ImagineGEO talks to… Claire Tinel, CNES Representative to the Charter
1. Can you explain the Charter’s mission?
The International Charter “Space and Major Disasters” rapidly provides spatial information free-of-charge and in a very short timeframe to security and civil protection organisations responsible for managing the consequences of major risks and natural disasters within their country.
The Charter specifically covers natural and industrial disasters with heavy human and/or material damages. The objective is to provide the freshest and the most relevant information to countries facing such ordeals and ground staff needing support. The Charter has been activated 479 times since its creation and half the countries on the planet benefited from it. How impressive this is!
2. What drives the choice of a satellite sensor among others?
Earthquakes, cyclones, floods, volcanic eruptions, mudslides, industrial accidents and oil spills are all relevant but the type of disasters which leads countries to activate the Charter are numerous and varied. Likewise, unfolding priorities and resolution needs are very diverse. For an earthquake, very high resolution images will be preferred. For instance, Pléiades 50cm products’ sharpness will permit the identification of impacted infrastructures. When coping with flooding, radar will be resorted as it can penetrate clouds and rain and enables the large-scale depiction of inundated areas. Yet high resolution optical information will also be requested on large areas in order to have an overview of the damages.
Pléiades is often the first one to answer the Charter’s needs. The constellation’s reactivity enables data acquisition and delivery in record time. Thanks to the satellite’s daily revisit capacity, no single place on the planet remains out of Pléiades scope. Thus the satellite can be tasked to acquire images of floods, urban zones or coastlines devastated by cyclones. In 2015, Pléiades images contributed to 53 products of the Charter, out of the 142 elaborated up to now.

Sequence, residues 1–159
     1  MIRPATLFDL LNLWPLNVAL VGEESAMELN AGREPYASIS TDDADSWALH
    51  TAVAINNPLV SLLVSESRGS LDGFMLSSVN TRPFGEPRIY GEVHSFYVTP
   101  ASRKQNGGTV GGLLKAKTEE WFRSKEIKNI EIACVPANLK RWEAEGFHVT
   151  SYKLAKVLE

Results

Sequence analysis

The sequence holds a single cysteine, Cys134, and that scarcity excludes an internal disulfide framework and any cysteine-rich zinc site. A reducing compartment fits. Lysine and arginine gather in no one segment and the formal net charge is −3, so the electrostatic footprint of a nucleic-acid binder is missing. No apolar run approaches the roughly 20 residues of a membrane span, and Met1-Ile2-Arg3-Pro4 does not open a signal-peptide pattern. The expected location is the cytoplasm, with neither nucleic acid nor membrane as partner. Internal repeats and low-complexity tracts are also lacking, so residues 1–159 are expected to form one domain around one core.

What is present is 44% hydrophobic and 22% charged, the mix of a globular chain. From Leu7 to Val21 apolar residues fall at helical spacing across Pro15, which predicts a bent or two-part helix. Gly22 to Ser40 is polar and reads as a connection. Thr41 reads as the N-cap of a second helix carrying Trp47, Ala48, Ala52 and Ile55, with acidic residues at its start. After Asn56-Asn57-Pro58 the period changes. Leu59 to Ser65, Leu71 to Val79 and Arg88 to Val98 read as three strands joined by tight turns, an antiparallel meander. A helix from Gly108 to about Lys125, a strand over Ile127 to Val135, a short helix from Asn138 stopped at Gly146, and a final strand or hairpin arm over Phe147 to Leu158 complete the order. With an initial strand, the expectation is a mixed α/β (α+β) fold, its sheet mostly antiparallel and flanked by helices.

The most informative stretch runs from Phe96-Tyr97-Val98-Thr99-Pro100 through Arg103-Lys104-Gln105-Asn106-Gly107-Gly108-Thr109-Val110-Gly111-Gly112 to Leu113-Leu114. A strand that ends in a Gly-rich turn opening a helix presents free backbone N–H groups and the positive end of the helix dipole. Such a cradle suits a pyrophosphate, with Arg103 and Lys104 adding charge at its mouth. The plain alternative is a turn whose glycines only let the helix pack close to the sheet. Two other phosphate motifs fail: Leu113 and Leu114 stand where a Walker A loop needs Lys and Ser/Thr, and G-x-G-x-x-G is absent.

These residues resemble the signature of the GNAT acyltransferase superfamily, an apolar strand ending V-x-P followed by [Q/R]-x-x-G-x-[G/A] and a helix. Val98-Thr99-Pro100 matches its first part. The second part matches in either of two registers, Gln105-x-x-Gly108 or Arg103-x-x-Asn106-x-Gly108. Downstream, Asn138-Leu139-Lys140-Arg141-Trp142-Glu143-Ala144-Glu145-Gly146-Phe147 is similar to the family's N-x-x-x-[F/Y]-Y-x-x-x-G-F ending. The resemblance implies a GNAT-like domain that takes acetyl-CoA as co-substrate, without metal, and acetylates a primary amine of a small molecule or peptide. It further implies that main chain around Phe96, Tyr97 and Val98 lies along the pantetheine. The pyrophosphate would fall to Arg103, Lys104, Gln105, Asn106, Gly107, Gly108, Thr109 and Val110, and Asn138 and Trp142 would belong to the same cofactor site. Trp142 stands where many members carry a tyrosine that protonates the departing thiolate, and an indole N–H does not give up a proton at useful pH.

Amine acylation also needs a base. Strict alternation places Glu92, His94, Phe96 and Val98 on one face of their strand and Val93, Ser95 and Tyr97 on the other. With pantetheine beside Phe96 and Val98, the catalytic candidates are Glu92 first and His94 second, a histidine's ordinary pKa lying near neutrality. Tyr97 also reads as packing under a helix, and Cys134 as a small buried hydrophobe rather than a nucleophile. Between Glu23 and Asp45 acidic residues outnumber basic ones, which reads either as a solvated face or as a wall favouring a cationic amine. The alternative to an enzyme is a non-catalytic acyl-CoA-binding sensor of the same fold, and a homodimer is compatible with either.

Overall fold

When it comes to SPOT 6/7, its large swath is incredibly helpful for information collection. That’s why it is often tasked to acquire much larger zones, for example when there are volcano eruptions, plains being flooded or even forests fires.
Airbus Defence and Space constellation – with Pléiades and SPOT 6/7 – was solicited for 29 out of 35 activations of the Charter up to this day in 2015, a remarkable performance! It is all the more outstanding as they answered all the requests with success.
3. What are the ways in which members are attempting to improve the Charter?
Strengthening the Charter’s efficiency is a key objective for every member country. CNES strive for process optimisation to streamline the image chain from the moment the satellite is tasked until the product is delivered to the end-user. The objective is to shorten the timeframe between image acquisition and final product delivery.
CNES takes a huge amount of pride from the Charter’s success and dedicates significant efforts to the constant improvement of the service for the benefit of the entire World.
4. What recent event covered by the Charter touched you most?
Every disaster we remotely witness affects us. However, the earthquake in Nepal in April 2015 led to acquisition of some arresting areas. Pléiades successfully responded to the challenge by imaging the impacted area only 24 hours after the event. Thanks to SERTIT (Regional Service of Imagery Processing and Remote Sensing), damage and situation maps, using the information extracted from Pléiades imagery, were delivered to Nepalese authorities six hours after the images were available.
As you can see, Pléiades pre and post disaster images don’t have much in common…
Marming, village in Sindhupalchok District in the Bagmati Zone of central Nepal
Fearing aftershocks, which could result in house collapses, people moved into tents set-up in private gardens, parks, vacant lands